So because you can only really use this with a raspberry pi zero this does limit you to what emulators you can run. I have found that N64 and PS1 are out of the question but it will easily play upto A SNES/Genesis/Master system also Gameboy Advance.

Keyboard anyone

So what I love about this is you can just swap out the sd card to change the OS. So you can carry with you a hand-held console plus a development environment. I wrote a python script to emulate keyboard presses. I mapped the d-pad to up, down, left, right arrow keys and A button to enter B button to delete X button to ctrl + c and Y button to type EXIT. This will let me develop pygame code that needs to be run on the pi not just over SSH on my computer.

You will need to install uinput to get this to work under raspbian but other than that it works great. Follow the instruction below to get it up and running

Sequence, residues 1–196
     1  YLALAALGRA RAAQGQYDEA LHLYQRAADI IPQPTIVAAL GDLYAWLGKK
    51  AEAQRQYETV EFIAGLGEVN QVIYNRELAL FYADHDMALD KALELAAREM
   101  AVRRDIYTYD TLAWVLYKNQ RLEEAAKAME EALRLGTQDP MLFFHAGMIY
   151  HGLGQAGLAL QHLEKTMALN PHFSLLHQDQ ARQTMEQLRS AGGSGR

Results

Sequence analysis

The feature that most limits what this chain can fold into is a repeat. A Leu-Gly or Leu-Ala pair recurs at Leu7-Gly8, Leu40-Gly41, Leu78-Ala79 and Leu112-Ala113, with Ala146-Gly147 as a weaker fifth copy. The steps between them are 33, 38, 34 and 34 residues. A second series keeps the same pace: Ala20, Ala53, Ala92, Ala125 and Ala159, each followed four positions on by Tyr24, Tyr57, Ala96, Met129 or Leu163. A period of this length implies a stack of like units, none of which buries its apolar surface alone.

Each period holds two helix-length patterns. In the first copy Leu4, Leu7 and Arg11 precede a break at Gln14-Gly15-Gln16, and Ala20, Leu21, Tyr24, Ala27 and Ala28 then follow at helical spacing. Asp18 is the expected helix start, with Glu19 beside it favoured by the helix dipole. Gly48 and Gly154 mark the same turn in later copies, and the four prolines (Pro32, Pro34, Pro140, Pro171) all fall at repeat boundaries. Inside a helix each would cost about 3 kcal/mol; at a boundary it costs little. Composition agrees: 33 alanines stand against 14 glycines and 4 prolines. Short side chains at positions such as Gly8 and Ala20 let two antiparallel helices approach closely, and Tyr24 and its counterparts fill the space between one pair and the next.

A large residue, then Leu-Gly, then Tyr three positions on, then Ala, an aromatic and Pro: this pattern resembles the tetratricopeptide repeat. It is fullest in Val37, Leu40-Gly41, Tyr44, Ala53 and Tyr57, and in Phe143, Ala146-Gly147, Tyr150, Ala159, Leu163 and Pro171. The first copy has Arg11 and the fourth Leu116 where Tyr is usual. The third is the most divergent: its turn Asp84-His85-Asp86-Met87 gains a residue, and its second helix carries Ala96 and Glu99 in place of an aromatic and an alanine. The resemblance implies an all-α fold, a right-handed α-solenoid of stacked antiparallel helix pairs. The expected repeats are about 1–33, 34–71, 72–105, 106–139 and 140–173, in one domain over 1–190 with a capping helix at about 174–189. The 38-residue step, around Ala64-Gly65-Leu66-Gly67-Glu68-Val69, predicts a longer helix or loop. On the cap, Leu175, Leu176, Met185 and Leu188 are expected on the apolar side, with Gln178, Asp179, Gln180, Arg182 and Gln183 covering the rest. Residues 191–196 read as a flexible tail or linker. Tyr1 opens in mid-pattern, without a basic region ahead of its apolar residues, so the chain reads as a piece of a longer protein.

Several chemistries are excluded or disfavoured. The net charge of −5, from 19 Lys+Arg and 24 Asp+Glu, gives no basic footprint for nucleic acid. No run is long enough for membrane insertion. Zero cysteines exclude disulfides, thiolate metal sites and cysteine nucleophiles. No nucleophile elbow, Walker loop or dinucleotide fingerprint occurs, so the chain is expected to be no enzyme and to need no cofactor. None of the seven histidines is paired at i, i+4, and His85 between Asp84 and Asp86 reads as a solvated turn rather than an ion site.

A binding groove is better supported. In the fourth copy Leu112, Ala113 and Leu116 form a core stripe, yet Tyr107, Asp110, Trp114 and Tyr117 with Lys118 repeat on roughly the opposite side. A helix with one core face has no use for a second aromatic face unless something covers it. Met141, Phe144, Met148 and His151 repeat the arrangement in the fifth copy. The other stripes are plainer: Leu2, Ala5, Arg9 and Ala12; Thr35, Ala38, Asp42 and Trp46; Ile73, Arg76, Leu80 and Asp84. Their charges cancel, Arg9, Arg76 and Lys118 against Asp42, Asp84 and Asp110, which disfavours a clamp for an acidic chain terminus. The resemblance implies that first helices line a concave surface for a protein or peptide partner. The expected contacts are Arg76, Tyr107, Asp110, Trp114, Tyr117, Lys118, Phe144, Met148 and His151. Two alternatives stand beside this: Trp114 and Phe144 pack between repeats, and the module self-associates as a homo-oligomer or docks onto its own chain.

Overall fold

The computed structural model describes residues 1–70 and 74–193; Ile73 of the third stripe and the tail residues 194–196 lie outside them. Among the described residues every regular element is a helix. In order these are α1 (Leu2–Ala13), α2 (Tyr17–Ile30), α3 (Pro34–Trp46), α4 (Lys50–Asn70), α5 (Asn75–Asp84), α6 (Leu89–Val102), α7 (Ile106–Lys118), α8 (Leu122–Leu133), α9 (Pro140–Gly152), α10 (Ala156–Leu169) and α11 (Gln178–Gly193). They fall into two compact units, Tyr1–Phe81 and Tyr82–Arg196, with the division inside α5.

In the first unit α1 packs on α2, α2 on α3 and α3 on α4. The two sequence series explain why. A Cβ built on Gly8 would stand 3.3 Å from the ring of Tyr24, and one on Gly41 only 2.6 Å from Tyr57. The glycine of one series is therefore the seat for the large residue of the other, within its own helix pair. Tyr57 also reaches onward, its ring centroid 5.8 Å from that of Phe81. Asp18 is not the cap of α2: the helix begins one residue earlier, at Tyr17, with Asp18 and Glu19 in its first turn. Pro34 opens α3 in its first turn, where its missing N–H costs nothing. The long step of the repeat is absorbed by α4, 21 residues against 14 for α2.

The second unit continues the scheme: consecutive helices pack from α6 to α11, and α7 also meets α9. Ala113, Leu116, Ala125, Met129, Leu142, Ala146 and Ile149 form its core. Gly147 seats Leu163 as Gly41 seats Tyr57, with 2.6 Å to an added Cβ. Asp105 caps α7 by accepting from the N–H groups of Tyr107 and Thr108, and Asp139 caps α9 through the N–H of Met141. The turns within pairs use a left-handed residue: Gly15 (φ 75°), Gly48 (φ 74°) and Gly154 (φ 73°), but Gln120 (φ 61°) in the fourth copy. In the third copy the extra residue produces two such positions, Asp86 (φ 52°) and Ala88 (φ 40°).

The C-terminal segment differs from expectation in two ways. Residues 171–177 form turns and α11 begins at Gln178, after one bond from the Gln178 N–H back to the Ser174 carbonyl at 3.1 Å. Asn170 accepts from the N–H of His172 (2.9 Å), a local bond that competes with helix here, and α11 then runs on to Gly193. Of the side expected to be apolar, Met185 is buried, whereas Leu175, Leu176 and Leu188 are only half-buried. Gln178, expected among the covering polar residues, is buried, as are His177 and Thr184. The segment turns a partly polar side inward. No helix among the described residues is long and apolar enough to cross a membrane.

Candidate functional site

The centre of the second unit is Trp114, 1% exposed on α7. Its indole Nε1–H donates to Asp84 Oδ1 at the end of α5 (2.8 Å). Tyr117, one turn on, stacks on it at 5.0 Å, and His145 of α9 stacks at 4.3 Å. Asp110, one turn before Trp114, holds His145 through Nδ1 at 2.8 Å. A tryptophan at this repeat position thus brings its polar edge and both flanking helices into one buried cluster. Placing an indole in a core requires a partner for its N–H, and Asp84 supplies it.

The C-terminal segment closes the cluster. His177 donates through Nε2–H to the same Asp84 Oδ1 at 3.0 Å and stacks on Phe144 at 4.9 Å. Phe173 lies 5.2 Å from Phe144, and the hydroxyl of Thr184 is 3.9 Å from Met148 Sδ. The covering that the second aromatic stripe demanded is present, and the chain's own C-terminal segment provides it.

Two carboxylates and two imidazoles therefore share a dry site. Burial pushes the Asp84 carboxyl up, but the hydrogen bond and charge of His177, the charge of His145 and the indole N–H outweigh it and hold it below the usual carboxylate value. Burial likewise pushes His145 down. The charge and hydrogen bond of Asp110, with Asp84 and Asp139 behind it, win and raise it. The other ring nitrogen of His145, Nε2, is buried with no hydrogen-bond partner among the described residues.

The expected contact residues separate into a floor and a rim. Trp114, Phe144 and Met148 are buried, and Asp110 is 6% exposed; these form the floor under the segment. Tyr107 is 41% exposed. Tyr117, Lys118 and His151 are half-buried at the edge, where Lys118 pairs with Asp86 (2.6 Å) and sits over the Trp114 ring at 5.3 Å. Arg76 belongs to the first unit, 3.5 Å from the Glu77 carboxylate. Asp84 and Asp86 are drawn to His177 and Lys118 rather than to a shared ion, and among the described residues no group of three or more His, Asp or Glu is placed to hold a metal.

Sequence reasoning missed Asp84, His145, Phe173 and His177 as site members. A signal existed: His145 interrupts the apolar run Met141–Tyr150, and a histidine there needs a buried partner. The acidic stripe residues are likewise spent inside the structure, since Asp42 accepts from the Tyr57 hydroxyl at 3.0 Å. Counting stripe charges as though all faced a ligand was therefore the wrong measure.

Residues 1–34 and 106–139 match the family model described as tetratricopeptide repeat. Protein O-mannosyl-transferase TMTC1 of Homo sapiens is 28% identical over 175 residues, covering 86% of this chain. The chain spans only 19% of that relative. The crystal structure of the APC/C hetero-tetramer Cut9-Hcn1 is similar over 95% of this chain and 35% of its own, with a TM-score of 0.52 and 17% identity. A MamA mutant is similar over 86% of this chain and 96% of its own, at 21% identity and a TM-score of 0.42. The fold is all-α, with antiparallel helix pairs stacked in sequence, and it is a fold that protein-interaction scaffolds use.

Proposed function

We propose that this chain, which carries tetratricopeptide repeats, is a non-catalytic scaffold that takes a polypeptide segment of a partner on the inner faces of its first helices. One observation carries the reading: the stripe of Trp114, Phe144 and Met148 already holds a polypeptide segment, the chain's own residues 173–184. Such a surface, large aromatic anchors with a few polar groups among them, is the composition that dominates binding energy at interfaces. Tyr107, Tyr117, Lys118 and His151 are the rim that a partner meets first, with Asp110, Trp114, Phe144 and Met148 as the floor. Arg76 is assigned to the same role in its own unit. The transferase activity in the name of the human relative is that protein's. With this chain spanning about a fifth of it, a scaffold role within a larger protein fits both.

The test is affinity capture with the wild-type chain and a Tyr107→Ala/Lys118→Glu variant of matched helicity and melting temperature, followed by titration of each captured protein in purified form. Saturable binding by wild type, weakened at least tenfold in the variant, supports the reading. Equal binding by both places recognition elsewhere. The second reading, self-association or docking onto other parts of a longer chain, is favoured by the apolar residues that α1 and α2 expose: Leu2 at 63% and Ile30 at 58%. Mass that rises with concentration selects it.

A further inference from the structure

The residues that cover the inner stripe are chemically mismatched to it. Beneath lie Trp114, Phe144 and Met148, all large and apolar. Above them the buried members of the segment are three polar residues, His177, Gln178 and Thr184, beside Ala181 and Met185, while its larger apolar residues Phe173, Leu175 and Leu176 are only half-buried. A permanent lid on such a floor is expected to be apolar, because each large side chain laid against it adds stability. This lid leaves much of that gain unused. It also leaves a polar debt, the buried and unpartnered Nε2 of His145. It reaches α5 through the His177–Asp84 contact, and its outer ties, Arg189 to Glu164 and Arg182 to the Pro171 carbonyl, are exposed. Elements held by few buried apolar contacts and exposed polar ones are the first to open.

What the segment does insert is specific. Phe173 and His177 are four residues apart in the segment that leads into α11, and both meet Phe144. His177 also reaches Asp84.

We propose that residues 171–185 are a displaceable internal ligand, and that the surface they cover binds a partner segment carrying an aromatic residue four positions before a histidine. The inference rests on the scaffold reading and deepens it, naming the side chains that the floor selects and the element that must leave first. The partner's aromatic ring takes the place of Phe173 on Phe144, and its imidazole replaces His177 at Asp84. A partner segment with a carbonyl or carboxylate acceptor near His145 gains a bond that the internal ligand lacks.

To install you will first need to install PIP then install uinput

  1. sudo apt-get install python-pip python-dev build-essential
  2. pip install python-uinput

Next you will need to make it start at boot. First you will need to move the .service file

  1. sudo cp joyboard.service /etc/systemd/system/

Next make executable with

  1. sudo chmod +x

To make it start at boot run these 2 commands below

  1. sudo systemctl start joyboard.service
  2. sudo systemctl enable joyboard.service

Github link –


Retropie demo

Python keyboard presses demo

Gerber files

Gerber files –

Oshpark link –

8 responses to “ZeroBoy – A poor man’s retropie “portable”